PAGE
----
3 Essential Tips for Adapting Musical Arrangements

10 August 2016

This is an excerpt from the musicians masterclass at Hillsong Conference 2016 in Sydney, hosted by Autumn Hardman and Nigel Hendroff. We hope you can join us next year!

In Joshua 6, the Bible talks about the musicians being the first ones to go out into battle. As musicians, we aren’t meant to just stand on stage and play an instrument; we are anointed for ministry and spiritual warfare. We can bring our musical gift before the Lord as a weapon for the Kingdom. As musicians, we can possess all the skill in the world but it’s paramount that we play with anointing and authority from God.

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In our team, we often find ourselves playing in full-band settings and using live tracks. Tracks can be useful as they can supplement for different instrument layers that we aren’t able to reproduce live. However, there are times when we need to adapt our song arrangements from a full-band setting to more of an acoustic setting, and here are a few tips to help you do the same!

1. Preparation is HUGE

Preparation is key in adapting songs and arrangements for different venues and band settings. We can’t adapt if we’re not prepared. Preparation isn’t just learning the songs that are being played for that service, but also taking the time to learn all of the songs that could possibly be played. It’s so important to be flexible and ready for any last minute changes in a songlist or service.

Don’t learn a song just so you can play it right a few times, but learn a song to the point that you can’t play it wrong.

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Musicians help lead worship. We’re not there to just play a part. We’re there to lead others! We can help lead the congregation through eye contact and engagement, and we can’t do that if we don’t know the song well enough to look up and engage.

SEE ALSO: The Platform: Leading from Wherever You Are

2. Know Your Instrument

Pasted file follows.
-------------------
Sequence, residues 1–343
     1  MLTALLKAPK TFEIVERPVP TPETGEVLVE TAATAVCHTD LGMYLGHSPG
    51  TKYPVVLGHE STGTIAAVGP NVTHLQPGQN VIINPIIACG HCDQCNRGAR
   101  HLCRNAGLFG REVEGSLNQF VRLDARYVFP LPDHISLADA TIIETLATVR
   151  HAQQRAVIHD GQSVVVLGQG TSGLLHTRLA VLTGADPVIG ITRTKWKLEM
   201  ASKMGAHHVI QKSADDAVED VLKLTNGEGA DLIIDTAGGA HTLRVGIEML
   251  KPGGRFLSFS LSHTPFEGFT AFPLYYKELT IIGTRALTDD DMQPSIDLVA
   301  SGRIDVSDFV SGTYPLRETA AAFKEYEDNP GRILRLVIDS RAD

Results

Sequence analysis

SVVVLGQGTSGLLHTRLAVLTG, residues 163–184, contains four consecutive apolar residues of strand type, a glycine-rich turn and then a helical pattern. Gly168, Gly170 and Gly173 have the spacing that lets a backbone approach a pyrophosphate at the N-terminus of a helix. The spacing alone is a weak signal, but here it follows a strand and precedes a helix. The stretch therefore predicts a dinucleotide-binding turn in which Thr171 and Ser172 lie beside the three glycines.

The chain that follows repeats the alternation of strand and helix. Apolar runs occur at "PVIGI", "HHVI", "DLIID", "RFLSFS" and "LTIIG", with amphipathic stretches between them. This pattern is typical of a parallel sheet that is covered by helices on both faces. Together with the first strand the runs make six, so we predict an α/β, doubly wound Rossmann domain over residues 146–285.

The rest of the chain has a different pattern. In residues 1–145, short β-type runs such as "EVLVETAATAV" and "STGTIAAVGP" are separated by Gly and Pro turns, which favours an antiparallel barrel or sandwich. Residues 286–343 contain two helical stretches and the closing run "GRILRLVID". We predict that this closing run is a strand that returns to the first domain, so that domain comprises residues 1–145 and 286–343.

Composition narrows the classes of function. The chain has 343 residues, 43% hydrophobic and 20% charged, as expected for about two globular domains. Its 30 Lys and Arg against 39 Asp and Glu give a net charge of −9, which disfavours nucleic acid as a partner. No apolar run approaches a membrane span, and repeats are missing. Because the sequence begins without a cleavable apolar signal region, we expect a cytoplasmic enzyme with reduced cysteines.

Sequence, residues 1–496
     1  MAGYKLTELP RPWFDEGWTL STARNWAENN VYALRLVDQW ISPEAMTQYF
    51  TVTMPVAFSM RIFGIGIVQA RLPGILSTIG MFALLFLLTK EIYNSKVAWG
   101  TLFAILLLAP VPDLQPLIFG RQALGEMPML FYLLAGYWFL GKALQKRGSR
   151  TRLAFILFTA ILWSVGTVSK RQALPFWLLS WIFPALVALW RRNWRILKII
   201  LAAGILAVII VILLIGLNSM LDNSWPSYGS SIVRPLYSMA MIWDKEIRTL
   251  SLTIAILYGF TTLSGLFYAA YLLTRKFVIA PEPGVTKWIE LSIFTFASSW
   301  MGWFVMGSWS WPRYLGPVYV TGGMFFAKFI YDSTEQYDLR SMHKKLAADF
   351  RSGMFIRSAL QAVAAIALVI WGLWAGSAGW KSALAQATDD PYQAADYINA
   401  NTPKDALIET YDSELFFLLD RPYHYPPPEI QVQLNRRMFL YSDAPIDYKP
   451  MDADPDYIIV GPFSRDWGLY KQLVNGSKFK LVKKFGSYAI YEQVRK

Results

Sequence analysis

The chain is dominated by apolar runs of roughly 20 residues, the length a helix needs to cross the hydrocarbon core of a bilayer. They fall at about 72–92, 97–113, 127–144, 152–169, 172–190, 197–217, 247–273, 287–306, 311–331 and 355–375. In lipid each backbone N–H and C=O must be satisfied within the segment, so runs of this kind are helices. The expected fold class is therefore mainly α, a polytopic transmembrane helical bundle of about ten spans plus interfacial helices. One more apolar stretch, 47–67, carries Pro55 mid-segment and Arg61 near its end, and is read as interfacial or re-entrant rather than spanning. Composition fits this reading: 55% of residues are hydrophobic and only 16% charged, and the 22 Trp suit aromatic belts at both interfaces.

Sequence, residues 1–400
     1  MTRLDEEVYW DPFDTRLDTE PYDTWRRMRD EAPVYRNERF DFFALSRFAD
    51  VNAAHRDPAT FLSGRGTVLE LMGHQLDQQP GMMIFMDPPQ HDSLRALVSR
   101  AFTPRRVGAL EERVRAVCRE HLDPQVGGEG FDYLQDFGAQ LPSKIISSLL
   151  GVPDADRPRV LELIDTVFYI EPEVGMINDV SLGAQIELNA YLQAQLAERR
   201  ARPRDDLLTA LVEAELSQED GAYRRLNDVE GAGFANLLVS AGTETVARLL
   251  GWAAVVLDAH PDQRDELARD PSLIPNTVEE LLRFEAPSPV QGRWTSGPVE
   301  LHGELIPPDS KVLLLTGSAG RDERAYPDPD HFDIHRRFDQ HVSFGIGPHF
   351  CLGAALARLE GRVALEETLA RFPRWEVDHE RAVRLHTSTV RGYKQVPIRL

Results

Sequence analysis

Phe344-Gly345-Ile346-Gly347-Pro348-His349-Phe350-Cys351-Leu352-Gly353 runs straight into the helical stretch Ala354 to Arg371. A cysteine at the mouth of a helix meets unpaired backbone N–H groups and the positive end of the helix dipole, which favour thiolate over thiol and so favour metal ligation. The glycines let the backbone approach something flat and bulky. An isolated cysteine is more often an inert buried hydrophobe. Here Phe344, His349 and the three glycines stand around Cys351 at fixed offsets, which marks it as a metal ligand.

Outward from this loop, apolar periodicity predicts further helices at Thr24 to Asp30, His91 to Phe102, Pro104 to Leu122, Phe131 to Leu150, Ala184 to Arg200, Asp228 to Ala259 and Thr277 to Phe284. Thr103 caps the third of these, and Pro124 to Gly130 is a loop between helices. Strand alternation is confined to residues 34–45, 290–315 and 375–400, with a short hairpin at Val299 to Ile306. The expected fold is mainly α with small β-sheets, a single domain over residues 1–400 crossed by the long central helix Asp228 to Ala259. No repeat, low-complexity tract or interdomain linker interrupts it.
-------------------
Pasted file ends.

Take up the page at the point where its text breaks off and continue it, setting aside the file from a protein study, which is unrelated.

When adapting a song to an acoustic arrangement, it’s important to know the role of each instrument and how that instrument can best serve the arrangement. We’ve asked some of our key musicians about their thoughts on their instrument’s role in an acoustic setting:

“Acoustic guitars can be more of a percussive instrument in an acoustic setting. Their role is really to support the drum rhythm. Dynamics are very important, and it’s helpful to have variations during different sections of a song.” – Nigel Hendroff

“When drumming in an acoustic setting it’s important to compliment the necessary beats and rhythms of the song. Don’t feel like you have to replicate the original rhythm with brushes.” – Dan McMurray

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“When playing bass in an acoustic arrangement, your technique should change. It will be more effective to use a finger style of playing rather than using a pick. It’s also important to think about dynamics, playing in different octaves, and to be aware of what the bottom end is doing in the room.”Matt Hann

3. Relationship is KEY

In anything that we do, having a healthy relationship with our team is a top priority! When you have a great relationship with your team, and you know their strengths and weaknesses, you can enable them to bring their best with different song arrangements and band settings.

SEE ALSO: Working with Your Audio Team

As a team, we always try to carry a spirit of excellence and commitment to getting better in our craft. We hope that you can take these thoughts and apply them to your teams, and grow in your gifting as musicians!

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